Most seed corn companies have corn in their warehouse this time of year. February is the time they try to move that remaining inventory to farmer's toolsheds. But plant breeders and those in the business report that some of the newest, hottest new hybrids that could be planted this spring aren't sitting in warehouses. They're not in bags anywhere. In fact, some of those hybrids aren't even in the U.S. yet.
Instead, they're in winter nurseries in a warmer part of the world. Producing hybrids that look very good and for which there is lots of interest is often done in South America during our winter and their summer, or at least somewhere else, or at least where they can complete a second crop before planting time in the U.S.
The advantage, says Dave Nanda, president of bird Hybrids LLP and consultant for the Farm Progress Corn Illustrated project, is that going to South America allows companies to get commercial volumes of the hottest-latest genetics in time for planting in '08, without waiting until '09.
There are two possible drawbacks to producing corn in South America. First, it's a very expensive proposition, notes Dave Nanda, plant breeder with Bird hybrids LLC., Tiffin, Ohio. Producing hybrids through contract growers in South America or other areas south of the U.S. during their summer (our winter) is much more expensive than raising the same corn here.
Secondly, the corn may not arrive back in the states in time for timely planting. If the corn can be delivered in a timely fashion, say in early April, there will likely be little if any delay in getting seed to the customers on or before he needs it. But if it arrives late, say early May to mid-May, it may arrive later than some farmers want to wait to plant corn. It's possible that due to various processing delays, sometimes corn grown for this year's cropping season may not arrive until early may. That puts the grower in a box- is the hybrid worth waiting for? Or should he go with hybrids he knows and gamble that getting plants planted on time will offset any extra bushels the supposedly better hybrid might produce.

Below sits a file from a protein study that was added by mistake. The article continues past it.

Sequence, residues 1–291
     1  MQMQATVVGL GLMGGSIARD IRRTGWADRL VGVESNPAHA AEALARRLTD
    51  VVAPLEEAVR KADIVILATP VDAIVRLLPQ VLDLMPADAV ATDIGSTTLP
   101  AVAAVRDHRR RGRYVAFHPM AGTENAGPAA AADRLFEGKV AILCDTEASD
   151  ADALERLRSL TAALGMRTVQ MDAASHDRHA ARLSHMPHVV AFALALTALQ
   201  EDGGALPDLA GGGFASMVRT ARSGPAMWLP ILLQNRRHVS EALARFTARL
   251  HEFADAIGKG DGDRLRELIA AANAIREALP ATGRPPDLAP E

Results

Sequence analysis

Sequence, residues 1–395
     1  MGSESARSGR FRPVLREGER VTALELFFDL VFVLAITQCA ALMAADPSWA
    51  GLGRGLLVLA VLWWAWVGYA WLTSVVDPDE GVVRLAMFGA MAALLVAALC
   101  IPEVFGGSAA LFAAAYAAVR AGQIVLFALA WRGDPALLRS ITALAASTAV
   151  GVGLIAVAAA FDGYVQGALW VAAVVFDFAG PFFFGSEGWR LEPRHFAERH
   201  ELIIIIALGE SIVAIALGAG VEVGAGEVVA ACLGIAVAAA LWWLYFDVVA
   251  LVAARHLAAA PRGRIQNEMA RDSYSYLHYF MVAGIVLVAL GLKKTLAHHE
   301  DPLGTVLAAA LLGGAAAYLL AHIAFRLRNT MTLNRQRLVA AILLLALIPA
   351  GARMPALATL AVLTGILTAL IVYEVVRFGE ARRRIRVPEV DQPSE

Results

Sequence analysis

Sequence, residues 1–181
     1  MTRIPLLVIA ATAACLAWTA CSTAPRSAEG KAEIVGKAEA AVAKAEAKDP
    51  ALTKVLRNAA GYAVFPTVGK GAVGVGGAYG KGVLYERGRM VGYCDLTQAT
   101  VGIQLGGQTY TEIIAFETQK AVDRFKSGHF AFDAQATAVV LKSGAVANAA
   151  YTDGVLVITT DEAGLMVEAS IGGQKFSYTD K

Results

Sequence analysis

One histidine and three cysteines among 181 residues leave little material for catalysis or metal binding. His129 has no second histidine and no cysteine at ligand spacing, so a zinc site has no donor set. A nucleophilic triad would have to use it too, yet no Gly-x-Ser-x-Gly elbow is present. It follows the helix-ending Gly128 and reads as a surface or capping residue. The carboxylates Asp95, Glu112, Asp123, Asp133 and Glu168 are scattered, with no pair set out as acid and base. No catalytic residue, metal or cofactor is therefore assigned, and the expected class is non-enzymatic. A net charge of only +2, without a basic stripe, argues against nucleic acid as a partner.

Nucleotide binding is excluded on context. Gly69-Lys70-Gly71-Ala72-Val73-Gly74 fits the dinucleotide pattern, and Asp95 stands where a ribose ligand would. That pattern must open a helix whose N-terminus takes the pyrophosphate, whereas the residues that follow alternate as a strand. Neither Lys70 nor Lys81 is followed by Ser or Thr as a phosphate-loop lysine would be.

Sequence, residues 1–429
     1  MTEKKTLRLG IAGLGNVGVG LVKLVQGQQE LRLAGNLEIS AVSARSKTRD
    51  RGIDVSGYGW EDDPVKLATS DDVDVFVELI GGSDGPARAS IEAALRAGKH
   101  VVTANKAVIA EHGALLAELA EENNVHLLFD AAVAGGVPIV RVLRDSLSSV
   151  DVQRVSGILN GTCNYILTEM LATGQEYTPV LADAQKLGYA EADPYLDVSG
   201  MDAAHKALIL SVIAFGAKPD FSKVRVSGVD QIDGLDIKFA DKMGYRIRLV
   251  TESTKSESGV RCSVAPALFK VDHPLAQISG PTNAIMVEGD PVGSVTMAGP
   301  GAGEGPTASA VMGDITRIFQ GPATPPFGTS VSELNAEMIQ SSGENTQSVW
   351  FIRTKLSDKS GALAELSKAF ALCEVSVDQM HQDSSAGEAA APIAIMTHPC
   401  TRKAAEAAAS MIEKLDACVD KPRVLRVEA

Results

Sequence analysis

Part of the problem is that yields begin slipping by May 10 in central Indiana, give or take a little bit in northern of southern Indiana. By mid-May, delays often increase to 1.5 bushels per acre for each extra day planning is delayed.
So talk to your seedsman,. Learn about those hybrids he says the company is bringing back from South America? Just how good is it? Is it good enough to let the planter sit and wait for?